To sum up: The overall unemployment rate is in the mid-20s, industrial production and services activity have both cratered, construction indicators like cement consumption have been devastated after doubling between 1998 and 2007, retail is in a free fall, and exports (most of which go to Europe) are falling. [Word of warning: None of these graphs have the same Y-axis range, so beware direct comparisons.]
In the next year, Spain is meant to cut spending to show the bond market that Madrid can stabilize its all-important ratio of debt to GDP. But what Spain really needs today is what it had 10 years ago: Lots of money flowing into the country! Spanish leaders know the intricacies of Spanish economics far better than I ... but I do know something about ratios, and if your GDP isn't growing, it's rather impossible to increase your GDP faster than your debt.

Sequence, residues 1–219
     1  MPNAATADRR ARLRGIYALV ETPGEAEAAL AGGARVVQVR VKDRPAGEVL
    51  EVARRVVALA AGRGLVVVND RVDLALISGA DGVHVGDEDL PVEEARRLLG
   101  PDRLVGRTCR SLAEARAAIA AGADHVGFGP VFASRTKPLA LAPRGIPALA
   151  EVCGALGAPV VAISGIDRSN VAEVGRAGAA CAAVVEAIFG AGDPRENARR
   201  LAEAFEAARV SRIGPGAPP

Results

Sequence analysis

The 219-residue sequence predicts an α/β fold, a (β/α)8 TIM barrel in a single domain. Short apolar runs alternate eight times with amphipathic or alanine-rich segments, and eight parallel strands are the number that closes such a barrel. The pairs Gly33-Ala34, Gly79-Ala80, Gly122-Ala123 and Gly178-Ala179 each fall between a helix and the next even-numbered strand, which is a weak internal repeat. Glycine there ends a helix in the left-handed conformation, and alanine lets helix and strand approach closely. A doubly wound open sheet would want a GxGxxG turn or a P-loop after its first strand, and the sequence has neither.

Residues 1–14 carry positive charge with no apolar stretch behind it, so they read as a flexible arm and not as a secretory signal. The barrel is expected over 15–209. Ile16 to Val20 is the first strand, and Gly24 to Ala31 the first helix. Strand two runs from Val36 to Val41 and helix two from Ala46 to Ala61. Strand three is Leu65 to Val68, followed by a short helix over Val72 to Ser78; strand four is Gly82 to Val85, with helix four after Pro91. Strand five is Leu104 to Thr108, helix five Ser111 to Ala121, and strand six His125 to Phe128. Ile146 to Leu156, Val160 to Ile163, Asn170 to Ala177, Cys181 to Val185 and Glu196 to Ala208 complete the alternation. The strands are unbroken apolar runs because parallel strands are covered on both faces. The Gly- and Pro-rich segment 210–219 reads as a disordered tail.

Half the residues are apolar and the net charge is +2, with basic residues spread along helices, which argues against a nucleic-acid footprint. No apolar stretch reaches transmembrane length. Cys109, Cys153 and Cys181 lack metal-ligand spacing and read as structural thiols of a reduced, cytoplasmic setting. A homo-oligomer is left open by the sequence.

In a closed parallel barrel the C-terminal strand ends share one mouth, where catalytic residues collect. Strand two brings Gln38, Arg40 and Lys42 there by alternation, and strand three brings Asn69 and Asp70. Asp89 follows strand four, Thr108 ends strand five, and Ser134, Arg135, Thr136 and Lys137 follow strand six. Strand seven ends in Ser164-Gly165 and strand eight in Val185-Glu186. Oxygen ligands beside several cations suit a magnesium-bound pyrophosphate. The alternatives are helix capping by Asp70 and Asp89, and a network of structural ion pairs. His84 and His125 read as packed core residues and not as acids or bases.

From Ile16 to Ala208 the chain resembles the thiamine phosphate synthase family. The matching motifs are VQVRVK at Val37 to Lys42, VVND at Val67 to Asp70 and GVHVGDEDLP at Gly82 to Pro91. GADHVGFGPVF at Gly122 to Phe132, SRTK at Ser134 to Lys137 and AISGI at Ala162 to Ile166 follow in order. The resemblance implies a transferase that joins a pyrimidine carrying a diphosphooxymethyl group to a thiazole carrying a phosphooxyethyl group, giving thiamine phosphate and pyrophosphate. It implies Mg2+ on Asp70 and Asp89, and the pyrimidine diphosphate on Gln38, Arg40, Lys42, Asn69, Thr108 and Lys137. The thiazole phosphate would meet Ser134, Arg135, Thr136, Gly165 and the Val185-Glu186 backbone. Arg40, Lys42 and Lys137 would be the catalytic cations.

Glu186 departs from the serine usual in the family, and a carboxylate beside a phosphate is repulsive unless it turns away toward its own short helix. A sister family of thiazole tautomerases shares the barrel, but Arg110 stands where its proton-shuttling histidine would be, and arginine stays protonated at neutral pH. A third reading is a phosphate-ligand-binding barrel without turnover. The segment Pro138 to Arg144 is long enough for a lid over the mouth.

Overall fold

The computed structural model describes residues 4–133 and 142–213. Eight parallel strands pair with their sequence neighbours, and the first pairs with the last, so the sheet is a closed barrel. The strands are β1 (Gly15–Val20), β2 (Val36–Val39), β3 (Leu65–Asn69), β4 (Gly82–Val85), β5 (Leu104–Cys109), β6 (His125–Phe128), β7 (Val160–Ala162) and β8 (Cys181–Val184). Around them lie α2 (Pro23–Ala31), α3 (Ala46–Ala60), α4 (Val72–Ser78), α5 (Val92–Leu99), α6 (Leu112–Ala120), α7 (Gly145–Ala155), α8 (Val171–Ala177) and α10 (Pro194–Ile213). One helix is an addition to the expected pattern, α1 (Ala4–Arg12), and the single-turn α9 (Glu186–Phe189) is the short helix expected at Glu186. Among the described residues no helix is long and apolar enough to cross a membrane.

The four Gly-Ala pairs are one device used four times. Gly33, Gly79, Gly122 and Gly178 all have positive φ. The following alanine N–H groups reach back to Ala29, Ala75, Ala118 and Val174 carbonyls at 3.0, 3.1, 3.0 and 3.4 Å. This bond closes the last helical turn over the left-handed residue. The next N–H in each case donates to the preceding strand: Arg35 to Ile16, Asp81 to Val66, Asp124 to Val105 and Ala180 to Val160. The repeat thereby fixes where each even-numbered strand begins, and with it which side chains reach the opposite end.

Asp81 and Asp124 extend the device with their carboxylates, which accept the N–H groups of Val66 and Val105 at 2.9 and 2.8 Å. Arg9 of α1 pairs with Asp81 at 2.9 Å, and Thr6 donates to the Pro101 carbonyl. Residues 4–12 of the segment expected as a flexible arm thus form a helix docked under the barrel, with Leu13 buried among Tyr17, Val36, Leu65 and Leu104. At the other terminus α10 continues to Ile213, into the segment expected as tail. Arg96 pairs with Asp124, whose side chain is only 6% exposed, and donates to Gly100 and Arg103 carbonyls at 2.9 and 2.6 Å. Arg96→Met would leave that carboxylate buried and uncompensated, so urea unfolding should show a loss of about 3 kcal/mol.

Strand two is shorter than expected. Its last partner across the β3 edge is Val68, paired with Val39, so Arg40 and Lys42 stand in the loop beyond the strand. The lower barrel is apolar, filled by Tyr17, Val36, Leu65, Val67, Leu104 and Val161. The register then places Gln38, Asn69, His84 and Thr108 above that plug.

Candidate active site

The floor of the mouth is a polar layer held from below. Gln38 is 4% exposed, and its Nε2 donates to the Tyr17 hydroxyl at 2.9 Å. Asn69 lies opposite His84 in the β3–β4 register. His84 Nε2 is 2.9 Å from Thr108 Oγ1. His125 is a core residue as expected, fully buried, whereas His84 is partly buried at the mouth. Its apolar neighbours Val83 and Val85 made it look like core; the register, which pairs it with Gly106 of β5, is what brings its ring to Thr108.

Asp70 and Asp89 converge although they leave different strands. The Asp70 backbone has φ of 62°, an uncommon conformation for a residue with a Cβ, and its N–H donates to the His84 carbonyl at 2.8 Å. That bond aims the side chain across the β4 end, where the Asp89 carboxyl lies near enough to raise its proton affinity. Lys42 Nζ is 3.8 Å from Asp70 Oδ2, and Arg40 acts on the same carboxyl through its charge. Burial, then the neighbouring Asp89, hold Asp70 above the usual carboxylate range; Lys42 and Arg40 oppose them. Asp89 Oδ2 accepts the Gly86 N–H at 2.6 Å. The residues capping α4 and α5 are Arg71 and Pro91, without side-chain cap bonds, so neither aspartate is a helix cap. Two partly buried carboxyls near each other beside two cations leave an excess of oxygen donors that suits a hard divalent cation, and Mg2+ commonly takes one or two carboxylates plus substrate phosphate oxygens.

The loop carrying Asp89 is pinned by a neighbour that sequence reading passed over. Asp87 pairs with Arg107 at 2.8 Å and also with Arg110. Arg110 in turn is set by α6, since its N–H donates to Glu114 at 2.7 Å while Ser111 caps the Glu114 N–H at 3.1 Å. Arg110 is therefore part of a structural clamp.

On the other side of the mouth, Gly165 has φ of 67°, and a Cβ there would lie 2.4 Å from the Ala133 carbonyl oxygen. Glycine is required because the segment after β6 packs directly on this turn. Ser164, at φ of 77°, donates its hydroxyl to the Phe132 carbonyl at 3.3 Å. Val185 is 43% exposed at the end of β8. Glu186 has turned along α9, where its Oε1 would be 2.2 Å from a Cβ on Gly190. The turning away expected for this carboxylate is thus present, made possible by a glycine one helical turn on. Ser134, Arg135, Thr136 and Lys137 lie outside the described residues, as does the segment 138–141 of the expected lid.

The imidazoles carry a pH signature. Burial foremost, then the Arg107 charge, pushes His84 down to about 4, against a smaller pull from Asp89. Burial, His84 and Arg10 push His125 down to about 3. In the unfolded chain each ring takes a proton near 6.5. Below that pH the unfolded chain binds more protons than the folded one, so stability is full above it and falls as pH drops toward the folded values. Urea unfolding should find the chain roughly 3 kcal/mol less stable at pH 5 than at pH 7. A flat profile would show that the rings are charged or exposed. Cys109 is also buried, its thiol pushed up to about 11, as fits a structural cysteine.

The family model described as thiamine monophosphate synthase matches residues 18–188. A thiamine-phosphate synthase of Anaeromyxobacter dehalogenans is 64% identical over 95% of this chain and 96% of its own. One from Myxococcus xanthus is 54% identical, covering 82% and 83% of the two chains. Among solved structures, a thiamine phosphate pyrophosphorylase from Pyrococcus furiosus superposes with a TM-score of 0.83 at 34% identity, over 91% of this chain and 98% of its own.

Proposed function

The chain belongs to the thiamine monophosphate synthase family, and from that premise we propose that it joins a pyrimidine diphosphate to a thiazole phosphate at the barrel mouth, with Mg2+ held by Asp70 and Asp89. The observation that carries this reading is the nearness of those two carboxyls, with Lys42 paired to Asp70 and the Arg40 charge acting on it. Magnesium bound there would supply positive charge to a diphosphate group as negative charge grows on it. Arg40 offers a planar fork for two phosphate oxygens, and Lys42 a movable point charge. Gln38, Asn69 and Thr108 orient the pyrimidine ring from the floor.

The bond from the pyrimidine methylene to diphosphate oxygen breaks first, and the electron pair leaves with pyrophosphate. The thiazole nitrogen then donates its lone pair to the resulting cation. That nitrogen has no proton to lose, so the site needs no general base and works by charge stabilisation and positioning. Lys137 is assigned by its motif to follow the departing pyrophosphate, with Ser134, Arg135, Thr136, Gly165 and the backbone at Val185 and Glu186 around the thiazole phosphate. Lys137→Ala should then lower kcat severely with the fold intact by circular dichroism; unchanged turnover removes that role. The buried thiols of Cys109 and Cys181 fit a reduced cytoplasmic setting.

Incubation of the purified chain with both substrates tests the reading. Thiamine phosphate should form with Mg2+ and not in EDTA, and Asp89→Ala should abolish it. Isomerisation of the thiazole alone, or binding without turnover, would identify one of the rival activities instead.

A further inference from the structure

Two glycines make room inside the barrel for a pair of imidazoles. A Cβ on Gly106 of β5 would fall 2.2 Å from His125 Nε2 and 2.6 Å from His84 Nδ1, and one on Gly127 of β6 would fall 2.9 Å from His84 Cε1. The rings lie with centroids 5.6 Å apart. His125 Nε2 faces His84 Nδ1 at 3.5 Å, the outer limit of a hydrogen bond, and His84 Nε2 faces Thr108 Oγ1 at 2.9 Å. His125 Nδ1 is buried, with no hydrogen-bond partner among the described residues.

Spain has avoided an even worse recession, if you can believe it, by growing exports in every year since the housing crash. But even here, trouble lurks. As you can see (bottom-right graph in the collection above), export growth is slowing down as the nation's largest trade partners -- in order: France, Germany, Portugal, Italy, and the UK, which account for more than half of Spanish exports -- all face austerity regimes of their own, which is likely to make businesses and consumers cut back on Spanish goods. In a word: Yikes.I have noticed that there are more Spanish youngsters working in various low-skill jobs in London than there had been for years. They are competing with the Poles and, personally, I think the Poles are more efficient, friendlier and better at learning English. However, that is, undoubtedly, a sign of the times.